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Playing with Cats—Everything You Should Know

Playing with Cats—Everything You Should Know

From kittens to adults, playtime is very important to feed a cat’s natural instincts, drain excess energy, promote health, and of course, build a strong relationship with their parents.

Let’s take a look at various aspects of a cat’s behavior, what toys to get, and how to play with your fur baby to ensure a better bond with your fur baby.

Cat-Human Relationship

The relationship between cats and humans is very different than dogs and humans. Dogs view their human as their owner and the leader of their pack. Cats view their owners as equals, and think of us as mothers or siblings. 

Although cats are solitary hunters, they do play with each other and often live around other cats. This starts when they are kittens, rolling around with their siblings and their mother. They way they hunt is mirroring the same skills they use when they play: stalking, striking, and batting things around. 

Play is an important part of a happy, balanced kitty, and it’s crucial we address that need, especially since indoor cats aren’t stalking and killing prey, it’s important we replace it with healthy activities.

This will strengthen the bond between you and your cat, increase their confidence, decrease the likelihood of behavior-related issues like aggression or litter box problems.

Short Attention Spans

Scientists have a really hard time studying exactly how smart cats are because they have short attention spans and get bored extremely easily. Even in experiments, researchers can only get cats to do things a few times before they’re distracted.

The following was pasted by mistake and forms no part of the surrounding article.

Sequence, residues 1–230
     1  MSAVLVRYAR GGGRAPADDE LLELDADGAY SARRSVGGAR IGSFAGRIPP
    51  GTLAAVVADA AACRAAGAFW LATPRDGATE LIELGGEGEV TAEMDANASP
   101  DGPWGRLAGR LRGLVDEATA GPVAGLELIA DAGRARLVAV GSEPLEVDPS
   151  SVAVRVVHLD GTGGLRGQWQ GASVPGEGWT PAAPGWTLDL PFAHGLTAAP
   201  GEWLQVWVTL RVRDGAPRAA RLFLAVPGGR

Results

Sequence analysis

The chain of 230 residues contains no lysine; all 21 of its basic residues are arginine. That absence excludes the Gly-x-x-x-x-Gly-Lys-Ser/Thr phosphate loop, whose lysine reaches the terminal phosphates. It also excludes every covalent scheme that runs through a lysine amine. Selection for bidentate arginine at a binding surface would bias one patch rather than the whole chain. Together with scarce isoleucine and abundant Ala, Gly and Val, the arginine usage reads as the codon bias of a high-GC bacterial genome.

This is important because you will likely need a variety of toys that you can swap out (just like parents do with babies and young children). Although your cat will undoubtedly have favorites, do your best to introduce new toys every now and then and every few months, rotate which toys you leave out.

Solo Play

You may notice your cat playing and think they clearly like to play on their own, so you don’t have to play with them too. Most cats do play on their own, but human-cat play is crucial to building a bond and keeping your cat moving and healthy. 

Common toys that you should have around for solo play include:

  • Balls: Most of these have bells, so you may want to hide them at bedtime.

  • Toy Mice: My cats love the smaller sizes, especially hitting them under doors and furniture.

  • Crickle Balls: They love when you hold, crinkle, then toss them! The sound always grabs their attention.

  • Kickers: Cats hold them between their legs and kick with their back feet.

  • Plastic Springs: They bounce, they roll, and they’re perfect for batting around. 

  • Roller Towers: Typically made of plastic, these toys have levels, each with a ball on a track.

  • Automatic Toys: Some of these toys hide objects, like feathers, inside and they pop out randomly. Some even have wands that spin around concealed under material. Although you have to turn them on, most of them have timers and automatically turn off after a certain period of time.

When & How Long

When should you play with your cat? The easiest answer is every day. Obviously, a kitten will need more playtime than an adult, and a senior may not have much interest in play at all. A good rule of thumb is 20-30 minutes a day, broken up into at least two sessions. 

Cats are most active at dusk and dawn, so if you’re able to capitalize on their instincts, those times are best. However, indoor cats obviously have a different lifestyle than outdoor cats.

The most important thing is that you play with your cats daily, so don’t beat yourself up if your schedule doesn’t permit for dusk and dawn playtimes. I really like to play with my cats before bed to drain their energy so they don’t wake me up overnight.

Also, sometimes cats will tell you they want to play by bringing you toys. Don’t ignore them. Even if you’re short on time, take a few minutes to interact with them.